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FYI: New World Bank Report and CD:"Greening Industry: New Roles for Communities, Markets, and Governments"

FYI --

I got this announcement from another e-mail list.  Thought this report and CD
might be of interest to some of you out there on P2Tech as well...

Karen Seeh, Project Manager/Website Coordinator
US EPA Design for the Environment Program
401 M Street, SW (7406)
Washington, DC  20460
Phone:    (202)260-1714
Fax:           (202)260-0981

DfE Website:   http://www.epa.gov/dfe
Need a DfE Publication?  Contact PPIC at 202/260-1023 or ppic@epa.gov

---------------------- Forwarded by Karen Seeh/DC/USEPA/US on 10/06/99 05:34 PM

Dshaman@worldbank.org on 10/05/99 06:05:47 PM

To:   Dshaman@worldbank.org
cc:    (bcc: Karen Seeh/DC/USEPA/US)
Subject:  NIPR newsletter, October 1999

The NIPR Team to Release Greening Industry: New Roles for Communities, Markets,
and Governments

Dear Friend:

The New Ideas in Pollution Regulation team has written a major World Bank policy
report on its six years of research on industrial pollution regulation and
control issues entitled Greening Industry: New Roles for Communities, Markets,
and Governments.

Greening Industry shows how recent economic and regulatory policy reforms are
reducing industrial pollution in developing countries, without threatening
economic growth.  After many failed attempts to import regulatory models from
the industrial countries, pioneers are developing a new model for pollution
control.  Based on sound economic principles, this new model incorporates
market-based incentives, a broad commitment to public environmental information,
and targeted assistance to managers who are trying to improve environmental
performance.  It stresses participatory regulation, with community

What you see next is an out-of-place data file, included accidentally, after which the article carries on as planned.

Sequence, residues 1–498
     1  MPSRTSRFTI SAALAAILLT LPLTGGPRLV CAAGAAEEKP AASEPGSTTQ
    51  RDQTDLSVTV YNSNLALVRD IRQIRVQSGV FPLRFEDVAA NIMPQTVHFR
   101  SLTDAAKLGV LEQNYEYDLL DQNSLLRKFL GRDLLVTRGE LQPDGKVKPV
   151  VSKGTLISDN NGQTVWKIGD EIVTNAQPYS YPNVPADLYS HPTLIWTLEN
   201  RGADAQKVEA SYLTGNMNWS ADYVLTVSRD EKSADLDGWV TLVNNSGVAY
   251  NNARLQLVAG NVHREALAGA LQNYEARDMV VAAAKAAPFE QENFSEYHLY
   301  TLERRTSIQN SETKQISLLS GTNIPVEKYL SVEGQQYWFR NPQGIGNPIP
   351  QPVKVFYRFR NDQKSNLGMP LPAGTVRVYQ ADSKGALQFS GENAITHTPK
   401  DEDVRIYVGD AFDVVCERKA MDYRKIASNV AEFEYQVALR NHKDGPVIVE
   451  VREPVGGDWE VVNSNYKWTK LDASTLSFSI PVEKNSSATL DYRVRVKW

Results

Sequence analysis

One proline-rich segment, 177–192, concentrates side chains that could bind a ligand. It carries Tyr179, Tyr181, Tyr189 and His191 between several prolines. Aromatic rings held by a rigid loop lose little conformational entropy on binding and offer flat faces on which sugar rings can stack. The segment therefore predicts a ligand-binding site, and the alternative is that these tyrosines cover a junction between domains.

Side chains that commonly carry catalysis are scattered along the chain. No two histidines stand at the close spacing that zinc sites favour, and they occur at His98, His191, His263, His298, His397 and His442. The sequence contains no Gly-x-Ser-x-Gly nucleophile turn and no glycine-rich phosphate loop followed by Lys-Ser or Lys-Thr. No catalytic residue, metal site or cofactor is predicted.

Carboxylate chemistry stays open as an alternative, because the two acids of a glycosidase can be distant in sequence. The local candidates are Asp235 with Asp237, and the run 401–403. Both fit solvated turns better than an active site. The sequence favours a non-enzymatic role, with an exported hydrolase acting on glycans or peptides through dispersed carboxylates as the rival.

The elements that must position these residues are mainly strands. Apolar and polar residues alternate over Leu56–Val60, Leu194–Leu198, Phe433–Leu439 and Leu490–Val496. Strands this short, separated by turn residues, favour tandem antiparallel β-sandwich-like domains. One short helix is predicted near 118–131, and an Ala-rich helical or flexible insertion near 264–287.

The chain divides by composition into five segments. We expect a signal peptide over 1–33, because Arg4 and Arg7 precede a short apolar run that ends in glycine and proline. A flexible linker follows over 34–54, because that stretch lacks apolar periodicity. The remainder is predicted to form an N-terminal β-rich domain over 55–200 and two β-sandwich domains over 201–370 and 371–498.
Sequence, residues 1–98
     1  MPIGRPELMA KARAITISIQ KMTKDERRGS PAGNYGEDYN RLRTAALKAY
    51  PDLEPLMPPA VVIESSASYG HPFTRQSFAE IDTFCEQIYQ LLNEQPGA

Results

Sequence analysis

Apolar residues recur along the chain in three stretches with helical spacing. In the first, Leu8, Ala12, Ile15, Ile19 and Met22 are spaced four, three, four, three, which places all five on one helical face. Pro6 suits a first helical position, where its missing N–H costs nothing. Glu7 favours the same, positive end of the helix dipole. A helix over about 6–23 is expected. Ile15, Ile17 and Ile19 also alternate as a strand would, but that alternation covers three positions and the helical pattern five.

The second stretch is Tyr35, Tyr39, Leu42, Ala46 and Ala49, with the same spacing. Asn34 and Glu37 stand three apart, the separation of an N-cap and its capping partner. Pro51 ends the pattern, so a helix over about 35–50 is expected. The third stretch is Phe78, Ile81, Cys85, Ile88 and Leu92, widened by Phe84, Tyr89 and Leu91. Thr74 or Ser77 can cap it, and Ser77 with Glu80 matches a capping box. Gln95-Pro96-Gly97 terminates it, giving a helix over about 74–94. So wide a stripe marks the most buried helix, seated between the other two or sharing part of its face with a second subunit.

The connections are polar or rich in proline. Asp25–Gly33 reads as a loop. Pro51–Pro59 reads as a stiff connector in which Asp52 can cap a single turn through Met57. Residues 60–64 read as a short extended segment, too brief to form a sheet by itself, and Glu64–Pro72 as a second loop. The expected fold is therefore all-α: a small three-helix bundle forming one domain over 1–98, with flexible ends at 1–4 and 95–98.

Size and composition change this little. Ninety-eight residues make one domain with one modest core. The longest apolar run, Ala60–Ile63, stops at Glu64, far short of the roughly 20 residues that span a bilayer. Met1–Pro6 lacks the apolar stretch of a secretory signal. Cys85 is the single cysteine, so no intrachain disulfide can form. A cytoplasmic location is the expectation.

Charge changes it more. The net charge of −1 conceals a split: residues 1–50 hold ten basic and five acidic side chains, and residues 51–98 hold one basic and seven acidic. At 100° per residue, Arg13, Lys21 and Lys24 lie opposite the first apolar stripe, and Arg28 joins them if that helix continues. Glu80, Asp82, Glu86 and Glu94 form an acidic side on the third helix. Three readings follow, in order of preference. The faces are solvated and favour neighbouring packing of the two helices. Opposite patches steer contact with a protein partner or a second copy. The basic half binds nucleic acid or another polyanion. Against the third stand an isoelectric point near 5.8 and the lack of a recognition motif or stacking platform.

representatives taking their place at the negotiating table along with
government regulators and factory managers.  With much better public information
about pollution, market agents also make their presence felt through the
decisions of consumers, bankers, and stockholders.

The report speaks with authority because its authors helped establish many of
the innovative programs it features.  And its outlook is optimistic: After six
years of research, policy experimentation and front-line observation, the
authors conclude that sustainable development is within reach.  Although
greening industry will take time, even the poorest countries can accomplish it.
The report shows why, and suggests strategies for moving forward.

Greening Industry includes "Resources for Greening Industry" CD-ROM, which
provides an electronic version of the report for easy reference as well as the
full content of the current version of the New Ideas in Pollution Regulation
website (http://www.worldbank.org/nipr).  The CD provides fast and easy access
to dozens of background papers, databases, presentations, and Internet resource
guides - over 500 files in all - providing a detailed reference for
state-of-the-art research, applications and modeling tools on innovative
industrial pollution control programs in the developing world.

Greening Industry is an indispensable resource for policymakers, the
international development community, and all those concerned with protecting the
environment.  The World Bank believes the report will have a significant impact
on the development community when addressing industrial pollution and
sustainable development issues.  The report will be released in mid-October.  To
learn more about the report, please visit us at


To order your copy of Greening Industry immediately, use the order forms
provided on the World Bank's website:

Online order form:

PDF order form (for faxing or mailing):

We hope you will take time to review the Greening Industry report, and as
always, we would welcome your comments and
thoughts regarding this major research output.  If you know someone who would be
 interested in receiving the NIPR newsletter
or learning about Greening Industry, feel free to let us know or have them
contact us directly. If you wish to no longer receive
our monthly mailings, please let us know by writing David Shaman at
dshaman@worldbank.org. Best wishes.